A better conversation with your veterinarian begins with a better understanding of veterinary terms. Here is a quick veterinary vocabulary lesson to help you communicate with your veterinarian more accurately, and better understand what is going on with your companion.
Right or left?
Let’s start with defining what are the right and left sides of your furry friend, using an example of limping. It is not unusual for clients to tell us that their companion’s are limping on the right when it is actually their left side. This is because they are telling us what side they are seeing the limp on when they are facing their companion. In reality, the correct side is based on watching the animal from behind. In other words, there is only one right and one left side. Picture yourself on all fours. Your right is the same side as your companion’s right.
Front and back
The next common misconception has to do with joints. Even though cats and dogs walk on four legs, the joints are the same as ours, honest. We often hear “front knee” or “back wrist.” As above, if you got on all fours, your wrist would be where your companion’s wrist is, and your knee would be where your companion’s knee is.
All joints are the same, in our furry friends and people. So the front leg includes the shoulder, the elbow and the wrist (or carpus). And the back leg includes the hip, the knee and the ankle (or tarsus or hock).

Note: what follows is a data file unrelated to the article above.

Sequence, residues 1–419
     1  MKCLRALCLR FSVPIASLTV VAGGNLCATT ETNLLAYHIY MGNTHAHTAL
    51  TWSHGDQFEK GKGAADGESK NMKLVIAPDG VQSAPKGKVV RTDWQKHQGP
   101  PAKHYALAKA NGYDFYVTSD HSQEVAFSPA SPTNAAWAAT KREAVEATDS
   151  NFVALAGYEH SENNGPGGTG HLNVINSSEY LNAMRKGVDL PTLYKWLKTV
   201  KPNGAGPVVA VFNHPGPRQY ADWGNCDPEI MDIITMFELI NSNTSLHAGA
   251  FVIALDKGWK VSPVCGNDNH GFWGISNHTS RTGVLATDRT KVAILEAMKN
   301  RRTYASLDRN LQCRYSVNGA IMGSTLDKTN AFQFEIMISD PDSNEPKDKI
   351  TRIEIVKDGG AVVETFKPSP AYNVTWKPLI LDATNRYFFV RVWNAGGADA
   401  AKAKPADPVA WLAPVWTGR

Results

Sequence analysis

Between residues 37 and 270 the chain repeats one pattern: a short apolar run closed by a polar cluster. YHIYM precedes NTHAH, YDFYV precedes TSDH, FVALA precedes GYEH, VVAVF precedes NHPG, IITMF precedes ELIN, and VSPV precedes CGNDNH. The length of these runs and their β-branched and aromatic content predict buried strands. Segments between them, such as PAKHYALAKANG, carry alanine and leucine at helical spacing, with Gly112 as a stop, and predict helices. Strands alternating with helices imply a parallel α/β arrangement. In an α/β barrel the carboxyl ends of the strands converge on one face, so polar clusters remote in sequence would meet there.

Bones are exactly the same as well. One big difference is that most of our companions have a longer spine, full of vertebrae that allow tails to wag.
The bone in the arm is the humerus. The bones in the forearm are the radius (the bigger bone in companions) and the ulna (flimsy in companions, it makes up the funny bone).
The thigh bone is the femur. The scientific name for the kneecap is the patella. The bones in the leg are the tibia (or shin bone) and the fibula (the flimsy bone).
An extremely common misconception is the stomach. Owners will say things like “my cat/dog has a tumor on the stomach. What is usually meant is that there is a mass under the skin of the belly (or abdomen).
Meanwhile, to vets, the stomach is the organ inside the abdomen, where food ends up. So if you can feel a lump on the outside in the skin layers this is not a mass on the stomach but a mass of the skin.
Likewise, a “stomach upset” is a very broad expression. Keep in mind that any part of the intestinal tract can cause vomiting or diarrhea. So instead of saying that your companion’s stomach is the issue, explain the signs he is showing.
These names and terms should help you have a more meaningful conversation with your vet. If you come across a word you don’t understand, never be afraid to ask. Sometimes, we get carried away when we explain a medical condition, and might use complicated medical words. We would be more than happy to tell you the correct terminology, because the more you know, the more you can help us, help your furry friend.
Dr. Phil Zeltzman, DVM, DACVS, CVJ
If you have any questions or concerns, you should always visit or call your veterinarian — they are your best resource to ensure the health and well-being of your companions.